Celebrating National Johnny Appleseed Day

Johnny Appleseed StampSeptember 26 is National Johnny Appleseed Day. For those of you who may not be familiar with this oft-overlooked holiday, here’s the lowdown on who Johnny is and how to celebrate the day!

I know when I worked with 3rd graders, Johnny Appleseed was celebrated and taught with enthusiasm. He is an affable American hero that we can all be thankful for. Even if you don’t like apples or apple pies or apple fritters or applesauce or apple muffins or dried apples or bobbing for apples or making apple witches (seriously – does anyone not like something here?)… you can enjoy the story and legend behind his germination of apple orchards throughout the Midwest Ohio River region.

John Chapman, aka Johnny Appleseed, was born September 26, 1774 – hence the timing of Johnny Appleseed Day. Rumor has it Johnny’s orchard smock was made from a coffee sack with holes cut out for arms and he wore his cooking pot on his head while traveling. Can’t verify that is true, but it does make for some great graphics for posters and children’s books.

JA was able to acquire large tracts of land from western Pennsylvania along the Ohio River on which he transported 16 bushels of apple seeds and saw to their plantings. At that time, certain requirements were set before the colonies granted land rights. There was an act defining how the land was to be used.

LandRightsAct

 Why should we care about the lowly apple? Henry David Thoreau, a naturalist and noted author, took time to pen the following related to the timing of men’s and apple’s appearance on the earth.

Thoreau

 

So.. here at FBFGF, we offer the following apple related choices for your celebration of Johnny Appleseed Day:

  • The Orchardist by Amanda Coplin: A great book about the life of an orchardist. It’s fiction that rings true. The story revolves around William Taldrage’s care of his apple and apricot orchard and the peace and solace it provides him. It also provides insight into the thinking and hard work of a dedicated and professional nurseryman. For some time I have nurtured the fantasy of being an orchardist, but details like hard work and commitment didn’t enter in to muddy my fantasy!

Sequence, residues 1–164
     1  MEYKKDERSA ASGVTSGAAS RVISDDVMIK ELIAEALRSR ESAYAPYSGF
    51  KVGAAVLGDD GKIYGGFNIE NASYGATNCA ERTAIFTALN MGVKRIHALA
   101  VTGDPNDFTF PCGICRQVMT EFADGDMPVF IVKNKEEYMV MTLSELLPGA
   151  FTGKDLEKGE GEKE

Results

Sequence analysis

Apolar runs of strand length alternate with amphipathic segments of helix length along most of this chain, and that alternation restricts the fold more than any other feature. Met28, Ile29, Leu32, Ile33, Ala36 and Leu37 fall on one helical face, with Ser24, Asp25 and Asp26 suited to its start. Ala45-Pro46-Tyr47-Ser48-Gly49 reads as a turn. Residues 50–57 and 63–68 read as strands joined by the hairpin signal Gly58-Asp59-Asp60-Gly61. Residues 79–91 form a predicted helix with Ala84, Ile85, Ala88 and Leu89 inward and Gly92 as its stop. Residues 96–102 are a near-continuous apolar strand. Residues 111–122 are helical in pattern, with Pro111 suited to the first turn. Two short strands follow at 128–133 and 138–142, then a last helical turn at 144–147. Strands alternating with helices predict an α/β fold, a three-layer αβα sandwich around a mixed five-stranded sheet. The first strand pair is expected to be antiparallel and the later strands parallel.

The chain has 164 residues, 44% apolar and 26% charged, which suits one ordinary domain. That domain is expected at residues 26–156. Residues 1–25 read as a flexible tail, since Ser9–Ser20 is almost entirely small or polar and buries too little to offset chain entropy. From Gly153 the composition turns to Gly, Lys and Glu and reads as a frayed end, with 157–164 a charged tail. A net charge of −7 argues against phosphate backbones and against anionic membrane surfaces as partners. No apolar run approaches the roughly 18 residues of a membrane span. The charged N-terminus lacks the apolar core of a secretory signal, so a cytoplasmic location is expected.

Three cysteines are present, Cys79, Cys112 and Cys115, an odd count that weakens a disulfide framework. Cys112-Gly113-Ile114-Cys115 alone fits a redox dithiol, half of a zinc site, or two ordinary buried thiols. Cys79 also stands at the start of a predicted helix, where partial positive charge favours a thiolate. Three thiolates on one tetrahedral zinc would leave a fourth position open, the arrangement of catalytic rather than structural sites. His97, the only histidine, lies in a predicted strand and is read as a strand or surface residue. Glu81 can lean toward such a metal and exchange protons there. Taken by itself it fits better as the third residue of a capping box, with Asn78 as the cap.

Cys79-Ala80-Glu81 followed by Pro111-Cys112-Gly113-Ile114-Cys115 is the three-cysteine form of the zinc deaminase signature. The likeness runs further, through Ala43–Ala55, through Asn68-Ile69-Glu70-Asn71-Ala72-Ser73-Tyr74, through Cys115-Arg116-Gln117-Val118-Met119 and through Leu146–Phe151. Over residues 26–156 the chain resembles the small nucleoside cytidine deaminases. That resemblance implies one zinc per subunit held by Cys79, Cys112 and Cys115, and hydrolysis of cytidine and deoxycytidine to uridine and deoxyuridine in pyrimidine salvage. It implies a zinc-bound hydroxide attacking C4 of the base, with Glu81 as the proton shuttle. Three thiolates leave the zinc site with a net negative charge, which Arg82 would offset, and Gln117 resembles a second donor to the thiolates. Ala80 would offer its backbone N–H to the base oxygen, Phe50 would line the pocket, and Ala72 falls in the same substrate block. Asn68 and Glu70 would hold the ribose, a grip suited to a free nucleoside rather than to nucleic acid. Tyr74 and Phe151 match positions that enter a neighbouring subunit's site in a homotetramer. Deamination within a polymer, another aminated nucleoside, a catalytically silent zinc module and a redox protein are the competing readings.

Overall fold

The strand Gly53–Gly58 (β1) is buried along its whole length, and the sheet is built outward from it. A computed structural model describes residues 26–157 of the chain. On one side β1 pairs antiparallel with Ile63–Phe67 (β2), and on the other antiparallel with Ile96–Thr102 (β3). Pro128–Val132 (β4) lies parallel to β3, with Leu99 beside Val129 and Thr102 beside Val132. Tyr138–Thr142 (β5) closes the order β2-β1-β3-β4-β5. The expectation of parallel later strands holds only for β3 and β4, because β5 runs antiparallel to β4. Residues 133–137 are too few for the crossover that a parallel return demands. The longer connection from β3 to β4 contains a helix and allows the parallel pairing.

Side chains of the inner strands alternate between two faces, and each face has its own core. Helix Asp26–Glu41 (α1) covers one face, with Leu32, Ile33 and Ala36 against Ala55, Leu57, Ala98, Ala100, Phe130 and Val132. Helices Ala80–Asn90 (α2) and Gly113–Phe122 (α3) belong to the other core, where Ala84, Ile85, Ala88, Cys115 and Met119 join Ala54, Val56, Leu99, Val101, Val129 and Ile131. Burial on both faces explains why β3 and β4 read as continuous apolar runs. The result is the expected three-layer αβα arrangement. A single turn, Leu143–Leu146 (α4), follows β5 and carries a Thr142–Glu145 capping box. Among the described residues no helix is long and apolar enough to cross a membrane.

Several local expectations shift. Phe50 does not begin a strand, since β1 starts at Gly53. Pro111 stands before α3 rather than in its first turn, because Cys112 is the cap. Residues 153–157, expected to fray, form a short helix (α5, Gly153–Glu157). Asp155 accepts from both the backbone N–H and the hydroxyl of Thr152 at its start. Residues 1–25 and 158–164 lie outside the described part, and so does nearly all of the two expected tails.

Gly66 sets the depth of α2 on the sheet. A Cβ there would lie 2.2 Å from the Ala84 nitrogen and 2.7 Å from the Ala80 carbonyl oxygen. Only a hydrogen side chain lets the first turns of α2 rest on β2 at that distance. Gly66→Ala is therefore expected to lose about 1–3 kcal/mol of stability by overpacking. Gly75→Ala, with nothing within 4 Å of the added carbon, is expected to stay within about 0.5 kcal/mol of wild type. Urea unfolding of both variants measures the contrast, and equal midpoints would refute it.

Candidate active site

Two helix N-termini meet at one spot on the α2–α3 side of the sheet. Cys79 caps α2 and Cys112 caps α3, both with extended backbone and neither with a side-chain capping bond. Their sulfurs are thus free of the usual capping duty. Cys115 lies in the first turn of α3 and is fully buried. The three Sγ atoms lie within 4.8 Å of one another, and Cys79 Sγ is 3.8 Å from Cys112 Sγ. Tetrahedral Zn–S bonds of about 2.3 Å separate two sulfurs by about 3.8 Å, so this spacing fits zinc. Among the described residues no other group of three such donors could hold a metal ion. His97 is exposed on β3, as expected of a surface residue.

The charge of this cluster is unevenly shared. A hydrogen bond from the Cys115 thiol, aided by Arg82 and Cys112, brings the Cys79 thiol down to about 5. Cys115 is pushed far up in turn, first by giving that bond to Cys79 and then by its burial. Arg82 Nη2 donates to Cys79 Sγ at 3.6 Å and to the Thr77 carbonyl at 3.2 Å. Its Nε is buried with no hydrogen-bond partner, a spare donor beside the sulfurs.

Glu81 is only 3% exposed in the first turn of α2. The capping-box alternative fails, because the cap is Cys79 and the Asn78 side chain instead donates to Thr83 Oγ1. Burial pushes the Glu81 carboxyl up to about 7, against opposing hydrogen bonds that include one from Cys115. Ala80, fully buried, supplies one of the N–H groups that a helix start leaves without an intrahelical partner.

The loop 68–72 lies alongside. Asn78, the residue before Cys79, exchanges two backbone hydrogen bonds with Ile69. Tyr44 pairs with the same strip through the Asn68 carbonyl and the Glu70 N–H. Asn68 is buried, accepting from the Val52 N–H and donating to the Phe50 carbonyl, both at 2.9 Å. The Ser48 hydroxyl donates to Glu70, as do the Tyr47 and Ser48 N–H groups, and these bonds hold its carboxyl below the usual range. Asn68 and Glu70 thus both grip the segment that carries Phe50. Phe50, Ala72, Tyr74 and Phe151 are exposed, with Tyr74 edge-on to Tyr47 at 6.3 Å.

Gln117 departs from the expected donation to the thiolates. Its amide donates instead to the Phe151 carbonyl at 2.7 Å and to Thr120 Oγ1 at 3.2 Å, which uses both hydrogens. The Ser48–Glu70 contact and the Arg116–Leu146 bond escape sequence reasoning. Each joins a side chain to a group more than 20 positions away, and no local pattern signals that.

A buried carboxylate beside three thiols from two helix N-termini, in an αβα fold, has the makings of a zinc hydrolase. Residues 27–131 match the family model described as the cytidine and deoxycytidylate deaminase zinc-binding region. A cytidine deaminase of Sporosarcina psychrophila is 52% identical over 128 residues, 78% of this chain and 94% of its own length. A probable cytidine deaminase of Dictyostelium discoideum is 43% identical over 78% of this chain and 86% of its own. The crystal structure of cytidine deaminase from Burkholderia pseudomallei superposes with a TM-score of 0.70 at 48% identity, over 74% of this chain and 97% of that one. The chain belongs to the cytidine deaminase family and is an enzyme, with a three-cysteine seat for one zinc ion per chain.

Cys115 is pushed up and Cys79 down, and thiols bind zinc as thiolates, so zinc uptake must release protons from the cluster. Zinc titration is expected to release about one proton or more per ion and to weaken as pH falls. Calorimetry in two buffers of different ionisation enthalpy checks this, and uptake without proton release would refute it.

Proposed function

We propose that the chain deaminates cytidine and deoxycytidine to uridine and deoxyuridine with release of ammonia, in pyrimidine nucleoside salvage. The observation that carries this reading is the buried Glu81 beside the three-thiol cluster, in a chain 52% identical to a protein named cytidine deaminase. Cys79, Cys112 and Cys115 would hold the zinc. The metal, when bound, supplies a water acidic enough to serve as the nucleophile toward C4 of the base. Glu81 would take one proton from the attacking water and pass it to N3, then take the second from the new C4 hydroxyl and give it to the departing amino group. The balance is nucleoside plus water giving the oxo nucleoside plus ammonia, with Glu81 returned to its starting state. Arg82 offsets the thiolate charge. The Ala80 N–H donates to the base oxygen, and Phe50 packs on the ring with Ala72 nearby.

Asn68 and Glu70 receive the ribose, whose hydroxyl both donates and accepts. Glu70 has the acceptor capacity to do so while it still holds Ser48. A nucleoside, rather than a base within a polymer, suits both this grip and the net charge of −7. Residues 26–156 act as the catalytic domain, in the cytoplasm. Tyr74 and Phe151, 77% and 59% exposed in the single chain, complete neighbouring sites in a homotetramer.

The Orchardist

  • Apple Butter. Who could resist the opportunity to have this great smelling concoction simmering away while enjoying a lovely fall day full of your favorite pursuits?? Click on the picture for a great recipe courtesy of Cooking Light.

AppleButter

  • Baked Apples. My husband and I found these pottery dishes for baking individual apples. (This must have been in one of the in-between times when we didn’t have any chicks that had yet to return to the nest and individual dishes seemed like a great idea.) We just wash the apple, core it, place it in the dish and cover with cinnamon, brown sugar, whatever other spices look great and bake at 350° for about 20 minutes. This is one of our favorite desserts!

BakedAppleDish

  • Apple Products. Mac Book, ipad, iphone – all great devices which can add new dimension to your busy lifestyle and streamline certain processes. They also teach great lessons in why we don’t always need to be connected to our great devices. We can use the apple logo to remind us to get out and enjoy the natural things in life from time to time. I’ll bet there’s an app for that!!!

AppleIcon

  • Apple Cider/Wine. I feel wine of any sort really needs no explanation. If you feel like making your own apple wine, click on the picture for instructions. If you would rather just pick up a bottle, I am sure this seasonal wine is available at a great artisanal wine shop somewhere near you!

AppleWine

 

Take some time to celebrate the versatile apple and give thanks for all it’s history and delightful pleasures!!

 

Bonus Apple Facts:

  • Scientists believe that apples were first domesticated in the Tian Shan region of southern Kazakhstan. In fact, by as early as 2000 BC, domesticated apples were being grafted in the Near East.
  • The Greeks and Romans introduced the domesticated apple to North Africa and Europe during their trading and conquests.

 

6 comments

  1. A local nursery gave 57 tiny apple trees (planted in paper cups) for two local kindergarten classes to take home and plant somewhere in their neighborhoods (with permission and help, of course). The planting “time” tomorrow is 2:00pm, and the children are to water their baby trees, talk and sing to them, and draw a picture of where they’re planted. I think it’s the sweetest project I’ve ever heard!

    1. I LOVE this project – how wonderful, how cool, how productive. Now those little ones can visit their trees and understand how great it is to grow things and respect nature and be proud of their contribution!! Thanks for making my day by sharing this story Marylin. I get excited when I hear these sweet stories of real life worthwhile projects!!! KUDOS to all that were involved with that project. I think I may have to research how I can contribute next year at planting time! – M

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